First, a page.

A lot of my dealings with horses have always been about being in the right place at the right time and making the most of opportunities. All the opportunities I have had have been good experiences and I have always learnt something along the way. Even as an amateur you should handle yourself as professionally as possible, work hard and keep your standards high because you never know when opportunity will come knocking.

When the spavin horse was off work, I made the most of my time with getting schoolmaster lessons, riding out for other

The freebie horse!

The freebie horse!

people and going off grooming at events for people. This led to a loan horse opportunity on a tricky but amazingly talented horse on a yard where I was riding out. I learnt so much in the process and though it was frustrating and difficult, I had a rapid learning curve mainly through things going wrong! I learnt about the amount of work you need to put in, accommodating a horses needs and that just because you want something bad enough it will not always happen. I also learnt that honest communication is the key to a good loan relationship. This early loan relationship helped me with my later ones and set up a process I still follow now with regular texts, emails and phone calls.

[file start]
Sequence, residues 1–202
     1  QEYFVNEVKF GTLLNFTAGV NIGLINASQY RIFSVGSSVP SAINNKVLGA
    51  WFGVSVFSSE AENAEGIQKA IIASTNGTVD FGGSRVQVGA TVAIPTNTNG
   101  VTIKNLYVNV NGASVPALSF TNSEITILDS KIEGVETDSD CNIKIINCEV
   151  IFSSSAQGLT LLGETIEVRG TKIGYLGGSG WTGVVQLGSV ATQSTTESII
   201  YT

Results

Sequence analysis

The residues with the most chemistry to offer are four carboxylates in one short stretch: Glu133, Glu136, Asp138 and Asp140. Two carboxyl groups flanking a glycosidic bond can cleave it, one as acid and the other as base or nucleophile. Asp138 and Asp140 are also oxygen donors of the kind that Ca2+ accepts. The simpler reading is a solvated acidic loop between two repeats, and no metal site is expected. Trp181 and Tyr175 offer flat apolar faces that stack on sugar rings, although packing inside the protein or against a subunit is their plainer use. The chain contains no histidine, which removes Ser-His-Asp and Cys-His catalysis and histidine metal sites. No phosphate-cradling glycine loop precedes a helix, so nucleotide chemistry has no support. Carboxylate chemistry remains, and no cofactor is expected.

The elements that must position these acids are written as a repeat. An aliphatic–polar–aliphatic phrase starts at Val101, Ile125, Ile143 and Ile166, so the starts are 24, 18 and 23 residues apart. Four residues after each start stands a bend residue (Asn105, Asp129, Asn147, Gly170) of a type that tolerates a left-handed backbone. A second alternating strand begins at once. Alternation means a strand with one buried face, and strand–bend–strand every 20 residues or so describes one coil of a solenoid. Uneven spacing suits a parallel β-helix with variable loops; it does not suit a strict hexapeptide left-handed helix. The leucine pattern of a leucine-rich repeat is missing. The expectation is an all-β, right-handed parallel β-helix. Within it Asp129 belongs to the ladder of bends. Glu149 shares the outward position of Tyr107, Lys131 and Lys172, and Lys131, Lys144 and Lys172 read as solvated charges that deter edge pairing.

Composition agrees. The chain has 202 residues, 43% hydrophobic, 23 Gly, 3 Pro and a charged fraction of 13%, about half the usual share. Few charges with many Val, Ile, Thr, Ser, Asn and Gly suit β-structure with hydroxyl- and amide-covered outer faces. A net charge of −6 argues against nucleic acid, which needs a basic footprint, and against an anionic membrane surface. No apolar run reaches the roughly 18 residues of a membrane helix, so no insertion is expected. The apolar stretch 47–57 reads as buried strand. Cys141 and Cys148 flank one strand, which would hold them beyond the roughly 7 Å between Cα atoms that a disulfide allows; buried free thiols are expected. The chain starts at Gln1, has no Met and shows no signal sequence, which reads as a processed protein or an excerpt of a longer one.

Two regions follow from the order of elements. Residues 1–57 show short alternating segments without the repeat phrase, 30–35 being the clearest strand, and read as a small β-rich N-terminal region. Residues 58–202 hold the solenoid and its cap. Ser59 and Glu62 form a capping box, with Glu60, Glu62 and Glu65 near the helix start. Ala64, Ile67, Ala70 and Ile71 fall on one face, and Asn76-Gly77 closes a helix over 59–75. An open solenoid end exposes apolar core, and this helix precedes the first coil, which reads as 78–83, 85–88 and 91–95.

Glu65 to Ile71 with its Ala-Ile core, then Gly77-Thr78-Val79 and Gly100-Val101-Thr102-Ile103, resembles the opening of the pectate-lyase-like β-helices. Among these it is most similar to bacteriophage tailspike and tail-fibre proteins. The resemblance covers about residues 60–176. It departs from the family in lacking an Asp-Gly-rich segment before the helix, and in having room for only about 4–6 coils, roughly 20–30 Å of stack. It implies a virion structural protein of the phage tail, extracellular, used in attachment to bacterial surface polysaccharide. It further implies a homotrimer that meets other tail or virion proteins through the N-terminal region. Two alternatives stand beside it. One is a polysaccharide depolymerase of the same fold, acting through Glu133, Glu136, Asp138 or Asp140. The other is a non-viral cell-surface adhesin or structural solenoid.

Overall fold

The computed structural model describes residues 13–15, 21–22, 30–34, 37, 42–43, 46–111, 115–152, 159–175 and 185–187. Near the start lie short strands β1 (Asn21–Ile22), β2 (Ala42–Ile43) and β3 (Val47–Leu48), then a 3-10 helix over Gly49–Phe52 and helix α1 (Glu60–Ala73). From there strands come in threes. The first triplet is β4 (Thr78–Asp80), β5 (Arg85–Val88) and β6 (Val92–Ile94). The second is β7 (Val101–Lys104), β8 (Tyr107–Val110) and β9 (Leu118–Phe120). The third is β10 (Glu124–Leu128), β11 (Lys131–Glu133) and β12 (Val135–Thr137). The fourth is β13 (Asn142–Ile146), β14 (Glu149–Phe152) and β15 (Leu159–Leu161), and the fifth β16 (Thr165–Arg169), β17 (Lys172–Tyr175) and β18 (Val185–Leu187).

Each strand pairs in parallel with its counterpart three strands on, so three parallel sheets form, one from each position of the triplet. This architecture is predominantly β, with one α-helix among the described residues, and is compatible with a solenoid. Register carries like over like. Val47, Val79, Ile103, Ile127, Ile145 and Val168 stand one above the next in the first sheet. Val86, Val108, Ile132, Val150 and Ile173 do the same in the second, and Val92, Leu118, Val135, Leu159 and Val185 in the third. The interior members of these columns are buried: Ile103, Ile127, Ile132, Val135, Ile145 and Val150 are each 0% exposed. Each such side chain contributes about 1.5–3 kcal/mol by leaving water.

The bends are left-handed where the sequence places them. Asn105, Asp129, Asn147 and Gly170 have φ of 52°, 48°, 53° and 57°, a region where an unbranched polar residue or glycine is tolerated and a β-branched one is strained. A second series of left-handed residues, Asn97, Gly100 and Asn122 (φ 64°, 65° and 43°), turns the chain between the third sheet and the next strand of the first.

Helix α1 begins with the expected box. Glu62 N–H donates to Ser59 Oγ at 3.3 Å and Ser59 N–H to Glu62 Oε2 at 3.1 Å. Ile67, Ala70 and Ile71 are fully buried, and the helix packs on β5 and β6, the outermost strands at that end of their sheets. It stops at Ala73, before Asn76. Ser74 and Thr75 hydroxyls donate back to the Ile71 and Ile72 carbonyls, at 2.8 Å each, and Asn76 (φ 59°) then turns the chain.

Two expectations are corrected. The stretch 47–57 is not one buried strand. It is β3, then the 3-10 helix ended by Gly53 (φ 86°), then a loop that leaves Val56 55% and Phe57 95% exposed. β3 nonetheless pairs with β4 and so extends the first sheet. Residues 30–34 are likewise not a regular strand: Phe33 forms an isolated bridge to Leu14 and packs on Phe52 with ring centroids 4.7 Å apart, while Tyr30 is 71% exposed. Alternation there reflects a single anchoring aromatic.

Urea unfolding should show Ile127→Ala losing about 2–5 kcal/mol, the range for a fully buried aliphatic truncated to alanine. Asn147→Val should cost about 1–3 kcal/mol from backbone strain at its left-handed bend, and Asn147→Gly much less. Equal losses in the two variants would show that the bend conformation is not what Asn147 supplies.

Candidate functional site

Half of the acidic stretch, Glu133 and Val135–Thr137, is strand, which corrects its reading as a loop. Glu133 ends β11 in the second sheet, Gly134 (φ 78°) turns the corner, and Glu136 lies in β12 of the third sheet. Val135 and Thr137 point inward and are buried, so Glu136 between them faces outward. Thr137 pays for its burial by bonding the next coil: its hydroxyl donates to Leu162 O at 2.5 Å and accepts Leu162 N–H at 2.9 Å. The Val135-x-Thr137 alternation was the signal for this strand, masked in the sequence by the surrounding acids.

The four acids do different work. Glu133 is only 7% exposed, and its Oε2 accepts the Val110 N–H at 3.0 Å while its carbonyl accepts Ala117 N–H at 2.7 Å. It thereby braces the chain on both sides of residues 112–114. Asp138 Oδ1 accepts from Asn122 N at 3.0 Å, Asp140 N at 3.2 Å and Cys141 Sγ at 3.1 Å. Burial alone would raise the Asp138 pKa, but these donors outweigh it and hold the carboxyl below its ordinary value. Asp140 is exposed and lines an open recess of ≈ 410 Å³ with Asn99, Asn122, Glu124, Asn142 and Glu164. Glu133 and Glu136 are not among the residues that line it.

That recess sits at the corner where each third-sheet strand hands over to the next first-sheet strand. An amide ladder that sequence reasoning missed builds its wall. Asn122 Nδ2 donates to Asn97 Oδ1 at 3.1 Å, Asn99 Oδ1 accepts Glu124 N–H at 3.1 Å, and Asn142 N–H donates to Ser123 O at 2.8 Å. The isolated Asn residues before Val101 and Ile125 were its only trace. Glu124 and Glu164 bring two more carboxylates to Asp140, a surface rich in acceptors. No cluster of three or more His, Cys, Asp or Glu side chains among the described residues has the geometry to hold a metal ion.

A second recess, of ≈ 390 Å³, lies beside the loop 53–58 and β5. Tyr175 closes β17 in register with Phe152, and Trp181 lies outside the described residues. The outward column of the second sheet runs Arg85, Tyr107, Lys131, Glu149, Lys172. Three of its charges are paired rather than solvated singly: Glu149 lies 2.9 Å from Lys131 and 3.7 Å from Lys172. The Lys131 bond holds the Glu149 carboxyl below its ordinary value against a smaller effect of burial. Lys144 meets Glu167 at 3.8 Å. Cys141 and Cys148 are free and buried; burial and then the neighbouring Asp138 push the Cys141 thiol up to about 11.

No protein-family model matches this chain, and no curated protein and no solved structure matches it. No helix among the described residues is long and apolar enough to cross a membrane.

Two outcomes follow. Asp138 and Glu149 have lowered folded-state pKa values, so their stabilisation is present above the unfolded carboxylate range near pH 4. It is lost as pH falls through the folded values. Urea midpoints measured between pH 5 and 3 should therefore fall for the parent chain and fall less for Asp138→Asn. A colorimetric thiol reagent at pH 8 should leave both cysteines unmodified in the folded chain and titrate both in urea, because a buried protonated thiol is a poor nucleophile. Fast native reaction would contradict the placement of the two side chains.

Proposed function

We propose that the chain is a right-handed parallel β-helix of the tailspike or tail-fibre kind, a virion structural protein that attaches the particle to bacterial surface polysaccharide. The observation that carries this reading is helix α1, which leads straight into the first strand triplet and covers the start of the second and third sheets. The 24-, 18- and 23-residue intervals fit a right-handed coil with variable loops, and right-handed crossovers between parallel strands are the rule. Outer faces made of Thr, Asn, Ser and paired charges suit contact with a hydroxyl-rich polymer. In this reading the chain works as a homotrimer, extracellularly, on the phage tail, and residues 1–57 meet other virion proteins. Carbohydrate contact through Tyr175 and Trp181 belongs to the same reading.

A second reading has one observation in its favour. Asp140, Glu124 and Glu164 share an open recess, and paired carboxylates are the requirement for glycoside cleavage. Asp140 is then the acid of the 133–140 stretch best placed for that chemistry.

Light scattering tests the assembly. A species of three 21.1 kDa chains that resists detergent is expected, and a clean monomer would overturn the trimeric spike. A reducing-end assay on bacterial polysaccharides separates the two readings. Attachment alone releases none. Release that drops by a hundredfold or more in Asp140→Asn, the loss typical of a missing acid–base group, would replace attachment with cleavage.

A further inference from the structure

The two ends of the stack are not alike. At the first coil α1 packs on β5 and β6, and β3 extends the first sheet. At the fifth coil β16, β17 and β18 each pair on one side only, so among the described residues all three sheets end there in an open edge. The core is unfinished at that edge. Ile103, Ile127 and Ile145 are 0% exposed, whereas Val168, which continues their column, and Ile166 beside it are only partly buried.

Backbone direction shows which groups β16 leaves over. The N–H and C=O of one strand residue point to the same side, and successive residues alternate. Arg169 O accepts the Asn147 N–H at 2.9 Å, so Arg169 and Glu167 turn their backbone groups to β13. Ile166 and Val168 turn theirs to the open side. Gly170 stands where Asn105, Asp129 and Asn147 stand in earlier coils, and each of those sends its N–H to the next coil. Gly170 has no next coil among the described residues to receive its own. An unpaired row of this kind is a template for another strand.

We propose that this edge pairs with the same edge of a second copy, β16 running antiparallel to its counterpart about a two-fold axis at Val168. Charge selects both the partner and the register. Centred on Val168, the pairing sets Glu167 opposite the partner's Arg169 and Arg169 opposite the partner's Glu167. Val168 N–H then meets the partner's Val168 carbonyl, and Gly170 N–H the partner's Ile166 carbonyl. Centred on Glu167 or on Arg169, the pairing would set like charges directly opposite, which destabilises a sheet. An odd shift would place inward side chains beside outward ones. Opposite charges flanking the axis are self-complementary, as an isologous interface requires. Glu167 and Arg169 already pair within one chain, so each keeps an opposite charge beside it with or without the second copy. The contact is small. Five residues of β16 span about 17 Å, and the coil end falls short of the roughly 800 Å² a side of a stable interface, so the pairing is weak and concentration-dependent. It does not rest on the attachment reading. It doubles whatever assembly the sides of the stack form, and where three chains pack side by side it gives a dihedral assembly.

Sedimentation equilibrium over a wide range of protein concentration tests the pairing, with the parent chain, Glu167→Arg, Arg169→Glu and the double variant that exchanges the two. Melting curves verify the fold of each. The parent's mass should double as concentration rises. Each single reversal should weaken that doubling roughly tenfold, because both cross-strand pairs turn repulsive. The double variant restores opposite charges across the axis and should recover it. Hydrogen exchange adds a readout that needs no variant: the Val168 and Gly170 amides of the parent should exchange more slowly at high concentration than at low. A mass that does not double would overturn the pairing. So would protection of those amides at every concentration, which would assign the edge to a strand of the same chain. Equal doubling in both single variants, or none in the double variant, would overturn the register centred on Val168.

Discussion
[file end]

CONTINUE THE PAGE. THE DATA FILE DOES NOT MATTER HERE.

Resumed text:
I do a lot of volunteering. Sometimes it drives me crazy, other times it’s an amazing experience. I always try and fit some in with my busy lifestyle and there is always time to get some in. You just have to make it work. Out of volunteering, I have done my UKCC2 for a subsidised cost, had arena time, had lessons with great trainers, met some great people and squeezed in late entries to events. Volunteering gives you the opportunity to network and meet people that as an amateur are often quite difficult. Choose wisely where to spend your time volunteering and make it count!